Dan: [00:01:16] I think that's very fair. It certainly has been. It's a it's an endlessly dynamic market. And as you say, you know, in your intro there, there's a good reason for that. You know, quite often what happened yesterday isn't necessarily going to teach us what's going to happen tomorrow. And trying to do that and react to that in a market like this creates its challenges. And certainly the last 12 months, I think the markets reacted very dynamically. And very interestingly and importantly, really, we've seen two, two dynamics. One, maybe the more classic insurance dynamic, prices of right have risen, you know, fundamentally because there's been a greater understanding of some of the dynamics on the risk environment. And maybe we can unpack that a bit later. But, you know, we've certainly seen that price rise. But we've also seen, and I think really importantly, a whole new way that the market is starting to adapt, develop and look at what it sees as the minimum standards around risk. And I think that's that's really important. And it sort of sets a new baseline really for us going forward.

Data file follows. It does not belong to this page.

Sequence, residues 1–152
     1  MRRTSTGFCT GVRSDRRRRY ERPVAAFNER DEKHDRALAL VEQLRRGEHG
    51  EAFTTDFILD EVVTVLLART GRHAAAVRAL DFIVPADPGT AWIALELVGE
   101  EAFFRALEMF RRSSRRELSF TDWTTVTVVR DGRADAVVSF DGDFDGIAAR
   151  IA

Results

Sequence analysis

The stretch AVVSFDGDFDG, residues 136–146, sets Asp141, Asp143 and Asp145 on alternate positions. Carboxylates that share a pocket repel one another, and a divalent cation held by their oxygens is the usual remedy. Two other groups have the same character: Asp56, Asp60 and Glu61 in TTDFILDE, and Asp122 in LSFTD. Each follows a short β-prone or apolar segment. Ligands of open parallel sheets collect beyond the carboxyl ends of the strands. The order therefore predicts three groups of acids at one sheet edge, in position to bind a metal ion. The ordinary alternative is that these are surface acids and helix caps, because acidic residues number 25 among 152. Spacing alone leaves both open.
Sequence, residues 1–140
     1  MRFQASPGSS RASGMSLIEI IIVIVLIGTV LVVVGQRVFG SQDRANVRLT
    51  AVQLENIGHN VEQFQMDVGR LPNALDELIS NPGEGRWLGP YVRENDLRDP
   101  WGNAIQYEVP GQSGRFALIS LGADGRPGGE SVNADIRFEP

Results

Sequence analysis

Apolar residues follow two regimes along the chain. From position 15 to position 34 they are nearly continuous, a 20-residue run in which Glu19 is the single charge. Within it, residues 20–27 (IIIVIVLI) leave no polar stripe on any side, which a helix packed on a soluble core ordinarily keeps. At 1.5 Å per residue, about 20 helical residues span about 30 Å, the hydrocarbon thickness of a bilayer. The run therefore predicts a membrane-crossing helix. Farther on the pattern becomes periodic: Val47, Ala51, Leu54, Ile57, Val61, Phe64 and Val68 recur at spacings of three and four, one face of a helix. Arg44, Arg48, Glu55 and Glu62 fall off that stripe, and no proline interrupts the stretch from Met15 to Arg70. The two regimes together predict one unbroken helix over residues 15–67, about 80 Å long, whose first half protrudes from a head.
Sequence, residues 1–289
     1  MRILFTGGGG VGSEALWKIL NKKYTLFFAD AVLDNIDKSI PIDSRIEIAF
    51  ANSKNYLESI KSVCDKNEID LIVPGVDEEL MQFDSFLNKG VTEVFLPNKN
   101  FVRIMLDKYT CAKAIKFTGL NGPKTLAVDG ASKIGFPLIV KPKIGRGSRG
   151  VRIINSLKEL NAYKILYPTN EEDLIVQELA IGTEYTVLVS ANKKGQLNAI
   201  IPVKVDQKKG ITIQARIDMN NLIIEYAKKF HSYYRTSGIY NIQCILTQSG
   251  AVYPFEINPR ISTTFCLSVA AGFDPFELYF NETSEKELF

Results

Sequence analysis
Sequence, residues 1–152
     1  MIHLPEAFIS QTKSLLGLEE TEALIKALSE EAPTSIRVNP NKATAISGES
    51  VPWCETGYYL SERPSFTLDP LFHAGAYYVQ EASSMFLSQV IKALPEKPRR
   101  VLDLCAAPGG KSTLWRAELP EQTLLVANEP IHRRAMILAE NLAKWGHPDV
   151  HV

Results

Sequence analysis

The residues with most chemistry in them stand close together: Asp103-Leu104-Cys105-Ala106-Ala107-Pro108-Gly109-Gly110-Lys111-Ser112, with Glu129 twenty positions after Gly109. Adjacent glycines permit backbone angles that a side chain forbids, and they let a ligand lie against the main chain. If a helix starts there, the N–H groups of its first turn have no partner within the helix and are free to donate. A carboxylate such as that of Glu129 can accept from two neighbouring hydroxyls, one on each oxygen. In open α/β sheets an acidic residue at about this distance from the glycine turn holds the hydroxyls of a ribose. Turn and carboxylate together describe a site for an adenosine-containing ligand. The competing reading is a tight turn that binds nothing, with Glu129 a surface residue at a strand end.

Paul: [00:02:21] And you Dan as well. You've labeled this a seat belt moment for the cyber insurance industry. I love the term personally. Tell us a little bit about what you mean by that.